For whatever reason, over the past couple of days, I’ve found myself saying, “We preach a gospel of grace, but in an ungracious tone.” Yesterday, on my way to Sweet Cheeks, I was talking with my friend from my Media Ethics class about this error in Christendom. Ever since our conversation, I’ve been wondering about the solution.
What do I mean by “an ungracious tone”? It could be a number of different sources (radio hosts, televangelists, random billboards, etc.), but essentially it’s a way of sharing the message and promise of Jesus Christ in a forceful, usually loud tone of voice. For example: street preachers. Not all are bad; I’ve heard a couple good ones. But the good ones are far outnumbered by the bad and unfortunately draw fewer crowds. University of Oregon has certainly seen the bad ones.
With their massive signs hoisted up on 10 or 12 foot poles, these street preachers bring a message of torture and pain for those who don’t agree with them. Screaming and shouting, spitting and spiting, they share more news about the destructive power of hell rather than the healing power of Jesus. Quite frankly, this ought not to be. And reading through the very scriptures these preachers cite from, I came across something in Proverbs this afternoon that stands out as the real issue.
“The heart of the wise makes his speech judicious and adds persuasiveness to his lips,” – Proverbs 16:23.
What doesn’t make one’s speech “judicious” and persuasive? Volume. This is a problem for me when I’m watching a Mark Driscoll sermon; he tends to depend on how loud he speaks rather than what words he speaks with. He’s not the only one, though; just using him as an example because he’s more prominent. What irritates me the most about volume preachers is that when they talk about their “oppression” or how people often say mean things to them, they never step back to look at themselves and how they’re preaching; they think it’s simply because they’re Christian that they’re being oppressed. I don’t care what you preach, but if you want to continually shout it in my face and call me mean names, I’m not going to listen to you.
Wisdom, however, offers a solution to the problem. As indicated in today’s Proverb, the real issue is not the words or the tone, but rather the heart. “The heart of the wise…” gets people to listen. People want authenticity. People want something they can relate to. People want, well, people.
We want real humanity; the humanity that admits their flaws, reveals their secret short-comings, and desperately seeks help in order to change. Followers of Christ follow Him because we believe He is the only one who could truly change our lifestyles, our characters, and our hearts. And when our hearts are transformed to be like His, we talk to others in a much different tone. We talk to others with graciousness, kindness, and gentleness – not slandering anyone or demeaning anyone or telling anyone they’re going to hell (as if we could ever truly know that).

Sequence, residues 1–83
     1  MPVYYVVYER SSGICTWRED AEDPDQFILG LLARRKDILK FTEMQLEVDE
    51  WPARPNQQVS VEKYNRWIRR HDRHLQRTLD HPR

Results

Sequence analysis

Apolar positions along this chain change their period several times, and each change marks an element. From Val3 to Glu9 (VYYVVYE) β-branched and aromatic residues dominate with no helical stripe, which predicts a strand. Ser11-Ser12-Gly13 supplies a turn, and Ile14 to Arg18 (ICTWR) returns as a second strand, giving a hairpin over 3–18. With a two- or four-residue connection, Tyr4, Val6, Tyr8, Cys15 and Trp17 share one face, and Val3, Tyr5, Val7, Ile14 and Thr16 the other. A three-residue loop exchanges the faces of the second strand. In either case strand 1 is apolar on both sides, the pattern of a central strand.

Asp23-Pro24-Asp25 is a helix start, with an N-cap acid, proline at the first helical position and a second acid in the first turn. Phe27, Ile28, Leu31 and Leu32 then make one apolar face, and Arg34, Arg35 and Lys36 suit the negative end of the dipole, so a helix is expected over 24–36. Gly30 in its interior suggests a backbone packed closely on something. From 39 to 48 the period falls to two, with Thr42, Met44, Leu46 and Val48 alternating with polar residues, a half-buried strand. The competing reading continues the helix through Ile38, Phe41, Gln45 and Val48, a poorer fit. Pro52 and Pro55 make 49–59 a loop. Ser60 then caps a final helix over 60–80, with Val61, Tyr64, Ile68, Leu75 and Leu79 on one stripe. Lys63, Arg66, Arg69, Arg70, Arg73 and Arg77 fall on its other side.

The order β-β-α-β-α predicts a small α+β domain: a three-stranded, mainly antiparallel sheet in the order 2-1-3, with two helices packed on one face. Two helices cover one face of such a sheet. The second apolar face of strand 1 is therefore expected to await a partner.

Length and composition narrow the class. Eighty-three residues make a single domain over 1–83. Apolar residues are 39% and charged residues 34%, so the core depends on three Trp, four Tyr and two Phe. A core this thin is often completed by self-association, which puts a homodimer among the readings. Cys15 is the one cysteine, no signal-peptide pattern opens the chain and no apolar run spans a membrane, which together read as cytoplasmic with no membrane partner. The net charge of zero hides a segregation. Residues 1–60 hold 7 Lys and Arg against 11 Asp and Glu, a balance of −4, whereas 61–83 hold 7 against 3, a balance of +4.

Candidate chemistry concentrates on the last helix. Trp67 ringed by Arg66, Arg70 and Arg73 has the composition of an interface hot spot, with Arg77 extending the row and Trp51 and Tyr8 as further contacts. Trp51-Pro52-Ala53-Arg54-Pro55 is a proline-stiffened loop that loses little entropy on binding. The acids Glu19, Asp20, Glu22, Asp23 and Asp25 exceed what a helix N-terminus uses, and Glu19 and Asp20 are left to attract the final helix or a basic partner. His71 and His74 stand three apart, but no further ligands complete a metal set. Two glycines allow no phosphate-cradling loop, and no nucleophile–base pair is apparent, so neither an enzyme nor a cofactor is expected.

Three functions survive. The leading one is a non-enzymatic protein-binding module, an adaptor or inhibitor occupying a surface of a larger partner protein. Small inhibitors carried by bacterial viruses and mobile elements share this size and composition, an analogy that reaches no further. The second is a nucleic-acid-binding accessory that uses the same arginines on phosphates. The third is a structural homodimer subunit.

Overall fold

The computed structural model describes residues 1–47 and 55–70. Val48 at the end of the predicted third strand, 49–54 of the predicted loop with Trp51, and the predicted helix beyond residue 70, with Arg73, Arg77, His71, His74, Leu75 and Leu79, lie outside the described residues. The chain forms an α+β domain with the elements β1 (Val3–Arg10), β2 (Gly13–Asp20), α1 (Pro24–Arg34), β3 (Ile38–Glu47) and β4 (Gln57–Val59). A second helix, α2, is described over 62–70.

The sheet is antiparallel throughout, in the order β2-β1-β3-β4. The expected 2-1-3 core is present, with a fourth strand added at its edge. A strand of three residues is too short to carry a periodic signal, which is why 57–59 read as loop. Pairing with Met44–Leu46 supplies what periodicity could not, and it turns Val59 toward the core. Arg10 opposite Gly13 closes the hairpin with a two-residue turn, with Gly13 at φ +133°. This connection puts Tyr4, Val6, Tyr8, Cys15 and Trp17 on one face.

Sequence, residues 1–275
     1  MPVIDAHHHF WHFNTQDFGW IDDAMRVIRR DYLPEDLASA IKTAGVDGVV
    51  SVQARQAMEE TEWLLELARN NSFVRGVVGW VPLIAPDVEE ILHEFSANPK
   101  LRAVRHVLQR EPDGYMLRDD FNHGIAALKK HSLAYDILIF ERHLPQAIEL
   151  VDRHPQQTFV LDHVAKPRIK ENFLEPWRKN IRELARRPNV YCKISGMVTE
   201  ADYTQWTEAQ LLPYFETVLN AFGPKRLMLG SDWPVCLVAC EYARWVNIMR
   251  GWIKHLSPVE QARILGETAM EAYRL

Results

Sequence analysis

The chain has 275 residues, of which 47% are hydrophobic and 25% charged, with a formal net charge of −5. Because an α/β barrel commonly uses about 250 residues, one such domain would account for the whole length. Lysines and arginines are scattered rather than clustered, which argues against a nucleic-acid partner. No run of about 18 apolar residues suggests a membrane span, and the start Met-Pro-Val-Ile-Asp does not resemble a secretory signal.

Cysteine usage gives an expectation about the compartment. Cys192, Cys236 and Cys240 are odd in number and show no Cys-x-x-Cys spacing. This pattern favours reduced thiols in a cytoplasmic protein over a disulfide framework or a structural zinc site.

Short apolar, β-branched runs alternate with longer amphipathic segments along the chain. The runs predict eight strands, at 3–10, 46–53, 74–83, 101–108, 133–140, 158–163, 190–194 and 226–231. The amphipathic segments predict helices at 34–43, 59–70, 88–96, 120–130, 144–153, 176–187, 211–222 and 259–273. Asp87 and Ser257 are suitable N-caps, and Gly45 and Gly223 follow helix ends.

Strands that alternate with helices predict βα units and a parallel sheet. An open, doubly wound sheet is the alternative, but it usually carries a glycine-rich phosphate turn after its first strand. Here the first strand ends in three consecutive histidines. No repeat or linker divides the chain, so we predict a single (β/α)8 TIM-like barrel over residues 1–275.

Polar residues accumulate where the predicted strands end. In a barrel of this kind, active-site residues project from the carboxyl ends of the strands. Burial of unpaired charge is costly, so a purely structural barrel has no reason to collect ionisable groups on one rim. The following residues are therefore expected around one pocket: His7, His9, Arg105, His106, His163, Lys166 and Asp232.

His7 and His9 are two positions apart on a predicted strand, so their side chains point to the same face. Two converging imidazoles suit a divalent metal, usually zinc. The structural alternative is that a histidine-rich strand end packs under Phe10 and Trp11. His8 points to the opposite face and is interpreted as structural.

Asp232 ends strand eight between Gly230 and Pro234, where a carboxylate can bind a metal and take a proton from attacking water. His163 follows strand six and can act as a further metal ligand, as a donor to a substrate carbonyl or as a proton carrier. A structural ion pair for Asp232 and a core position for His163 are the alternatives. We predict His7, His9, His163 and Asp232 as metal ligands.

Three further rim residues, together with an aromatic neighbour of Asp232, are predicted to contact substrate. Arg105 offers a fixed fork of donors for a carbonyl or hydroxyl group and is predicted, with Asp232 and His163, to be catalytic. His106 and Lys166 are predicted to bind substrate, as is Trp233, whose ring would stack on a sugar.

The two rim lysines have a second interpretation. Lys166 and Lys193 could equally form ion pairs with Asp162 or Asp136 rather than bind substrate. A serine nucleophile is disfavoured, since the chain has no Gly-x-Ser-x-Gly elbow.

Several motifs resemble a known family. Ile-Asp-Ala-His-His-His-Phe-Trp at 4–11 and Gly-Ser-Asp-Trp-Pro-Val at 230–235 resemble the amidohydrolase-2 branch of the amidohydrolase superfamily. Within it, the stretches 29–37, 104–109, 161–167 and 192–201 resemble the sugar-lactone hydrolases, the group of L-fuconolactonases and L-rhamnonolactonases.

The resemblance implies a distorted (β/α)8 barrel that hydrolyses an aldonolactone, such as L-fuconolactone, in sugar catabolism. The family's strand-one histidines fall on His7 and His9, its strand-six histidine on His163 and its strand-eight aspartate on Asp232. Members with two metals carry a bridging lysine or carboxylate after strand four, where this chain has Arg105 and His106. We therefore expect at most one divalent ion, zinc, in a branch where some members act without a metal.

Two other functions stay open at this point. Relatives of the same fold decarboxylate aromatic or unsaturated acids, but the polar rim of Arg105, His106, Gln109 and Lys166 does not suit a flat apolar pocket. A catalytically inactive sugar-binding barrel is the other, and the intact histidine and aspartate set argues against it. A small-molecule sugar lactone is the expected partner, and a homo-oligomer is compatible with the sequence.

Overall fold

Don’t get me wrong, I’m a very argumentative person at times. I’m well aware of this. But instead of letting it carry on unchecked, I realize that others are bothered by this aggressive tone. If I want to share my faith with someone or talk about Jesus, I know that the less imposing tone, the better. When we emphatically and emotionally scream out our beliefs to others, we are in actuality pushing them away. Gracious speech, however, is inviting, not rejecting.
What sums up my distaste for “fire and brimstone” preaching (be it through radio, TV, internet, or wherever) is Paul’s words in Colossians 4:5-6; “Walk in wisdom toward outsiders, making the best use of the time. Let your speech be gracious, seasoned with salt, so that you may know how you ought to answer each person.” Yelling in someone’s faith about your beliefs is not gracious by any means.
It’s a difficult thing to do, no doubt. We very easily get deeply and emotionally attached to our beliefs that when someone challenges it, we’re ready to come up with an often aggressive and harsh defense. But this is a part of the Christian life; controlling our emotions. Proverbs 16:32 says, “Whoever is slow to anger is better than the mighty, and he who rules his spirit than he who takes a city.” Or as the NIV puts it, “Better a patient man than a warrior, a man who controls his temper than one who takes a city.”
It’s on my heart to go into ministry at some point in my life. As James indicates, the role of a teacher, pastor, or leader in general has a rather high requirement when it comes to speech (James 3). But if everyone is a teacher at some point, some moment in their lives (even if we aren’t aware of it), then it’s probably best to practice gracious speech now and get into that habit, than to risk messing things up further down the road. Children, as the kid’s ministry has taught me, are very attentive and often at inconvenient moments for the parents or teachers. And yet we can start to solve the problem of ungracious speech if we make that change within ourselves right now.